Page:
• These computer programs (also known as programs, software, software applications or code) include machine instructions for a programmable processor, and can be implemented in a high-level procedural and/or object-oriented programming language, and/or in assembly/machine language. As used herein, the terms “machine-readable medium” and “computer-readable medium” refer to any computer program product, apparatus and/or device (e.g., magnetic discs, optical disks, memory, Programmable Logic Devices (PLDs)) used to provide machine instructions and/or data to a programmable processor, including a machine-readable medium that receives machine instructions as a machine-readable signal. The term “machine-readable signal” refers to any signal used to provide machine instructions and/or data to a programmable processor.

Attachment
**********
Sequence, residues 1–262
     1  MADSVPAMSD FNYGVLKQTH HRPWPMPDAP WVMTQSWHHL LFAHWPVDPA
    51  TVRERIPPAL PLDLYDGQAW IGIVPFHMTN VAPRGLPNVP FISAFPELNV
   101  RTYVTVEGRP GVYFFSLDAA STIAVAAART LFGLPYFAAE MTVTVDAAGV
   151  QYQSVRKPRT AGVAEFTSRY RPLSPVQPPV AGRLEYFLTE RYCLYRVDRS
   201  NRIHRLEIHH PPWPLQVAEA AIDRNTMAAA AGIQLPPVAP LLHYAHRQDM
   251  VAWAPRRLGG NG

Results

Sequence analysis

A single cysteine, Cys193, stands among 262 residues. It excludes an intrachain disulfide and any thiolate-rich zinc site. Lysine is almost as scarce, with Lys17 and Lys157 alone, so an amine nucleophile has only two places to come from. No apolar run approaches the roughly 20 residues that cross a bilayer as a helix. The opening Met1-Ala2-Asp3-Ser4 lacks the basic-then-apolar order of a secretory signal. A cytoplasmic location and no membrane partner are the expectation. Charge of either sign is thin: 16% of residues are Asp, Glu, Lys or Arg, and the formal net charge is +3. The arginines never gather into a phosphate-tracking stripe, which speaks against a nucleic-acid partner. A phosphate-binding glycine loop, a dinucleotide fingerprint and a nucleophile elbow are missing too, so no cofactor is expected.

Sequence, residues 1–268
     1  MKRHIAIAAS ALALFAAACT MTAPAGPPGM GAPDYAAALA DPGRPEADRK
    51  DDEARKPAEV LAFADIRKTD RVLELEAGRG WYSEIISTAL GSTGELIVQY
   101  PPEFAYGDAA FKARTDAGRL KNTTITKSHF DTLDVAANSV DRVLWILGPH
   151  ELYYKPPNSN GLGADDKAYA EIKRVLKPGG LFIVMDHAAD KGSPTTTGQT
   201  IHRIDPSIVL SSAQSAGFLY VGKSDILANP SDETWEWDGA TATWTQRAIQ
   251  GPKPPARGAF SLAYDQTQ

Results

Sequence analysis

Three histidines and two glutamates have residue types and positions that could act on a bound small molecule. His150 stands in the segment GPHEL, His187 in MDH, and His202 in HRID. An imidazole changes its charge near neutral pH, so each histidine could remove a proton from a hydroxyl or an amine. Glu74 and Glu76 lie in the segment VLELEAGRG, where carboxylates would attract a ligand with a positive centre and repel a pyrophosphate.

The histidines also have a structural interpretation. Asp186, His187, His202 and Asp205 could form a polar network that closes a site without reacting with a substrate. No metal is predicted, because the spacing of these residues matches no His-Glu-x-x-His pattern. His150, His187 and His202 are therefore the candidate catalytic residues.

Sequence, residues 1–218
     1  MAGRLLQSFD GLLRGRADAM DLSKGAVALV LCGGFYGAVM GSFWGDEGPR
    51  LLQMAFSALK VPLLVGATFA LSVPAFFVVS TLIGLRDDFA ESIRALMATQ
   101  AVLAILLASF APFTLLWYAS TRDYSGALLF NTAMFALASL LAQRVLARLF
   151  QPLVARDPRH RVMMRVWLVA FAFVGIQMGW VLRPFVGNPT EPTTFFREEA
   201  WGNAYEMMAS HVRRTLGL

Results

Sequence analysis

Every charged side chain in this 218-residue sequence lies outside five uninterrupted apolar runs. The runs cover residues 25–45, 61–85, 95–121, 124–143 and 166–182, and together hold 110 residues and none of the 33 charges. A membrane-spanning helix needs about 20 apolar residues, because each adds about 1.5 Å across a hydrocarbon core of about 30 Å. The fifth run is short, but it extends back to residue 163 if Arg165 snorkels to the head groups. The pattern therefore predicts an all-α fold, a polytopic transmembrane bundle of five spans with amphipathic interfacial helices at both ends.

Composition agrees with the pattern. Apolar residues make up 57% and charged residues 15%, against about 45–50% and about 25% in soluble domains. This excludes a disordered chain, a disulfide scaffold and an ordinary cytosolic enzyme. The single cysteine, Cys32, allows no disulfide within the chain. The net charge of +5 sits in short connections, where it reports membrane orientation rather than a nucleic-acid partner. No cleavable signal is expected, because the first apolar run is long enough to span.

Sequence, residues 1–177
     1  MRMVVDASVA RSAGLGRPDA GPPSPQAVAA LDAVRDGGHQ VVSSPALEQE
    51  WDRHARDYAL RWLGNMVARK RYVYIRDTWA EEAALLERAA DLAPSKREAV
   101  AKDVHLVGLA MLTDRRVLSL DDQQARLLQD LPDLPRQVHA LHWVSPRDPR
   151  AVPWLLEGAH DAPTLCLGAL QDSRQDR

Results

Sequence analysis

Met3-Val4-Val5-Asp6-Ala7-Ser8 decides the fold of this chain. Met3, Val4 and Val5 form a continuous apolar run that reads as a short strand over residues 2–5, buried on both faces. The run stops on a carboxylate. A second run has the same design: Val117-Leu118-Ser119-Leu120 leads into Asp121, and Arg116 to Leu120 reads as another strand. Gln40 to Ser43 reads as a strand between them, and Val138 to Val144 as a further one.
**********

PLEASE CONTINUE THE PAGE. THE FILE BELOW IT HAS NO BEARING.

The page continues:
• Implementations of the subject matter and the functional operations described in this specification can be implemented in digital electronic circuitry, or in computer software, firmware, or hardware, including the structures disclosed in this specification and their structural equivalents, or in combinations of one or more of them. Moreover, subject matter described in this specification can be implemented as one or more computer program products, i.e., one or more modules of computer program instructions encoded on a computer readable medium for execution by, or to control the operation of, data processing apparatus. The computer readable medium can be a machine-readable storage device, a machine-readable storage substrate, a memory device, a composition of matter effecting a machine-readable propagated signal, or a combination of one or more of them. The terms “data processing apparatus”, “computing device” and “computing processor” encompass all apparatus, devices, and machines for processing data, including by way of example a programmable processor, a computer, or multiple processors or computers. The apparatus can include, in addition to hardware, code that creates an execution environment for the computer program in question, e.g., code that constitutes processor firmware, a protocol stack, a database management system, an operating system, or a combination of one or more of them. A propagated signal is an artificially generated signal, e.g., a machine-generated electrical, optical, or electromagnetic signal, that is generated to encode information for transmission to suitable receiver apparatus.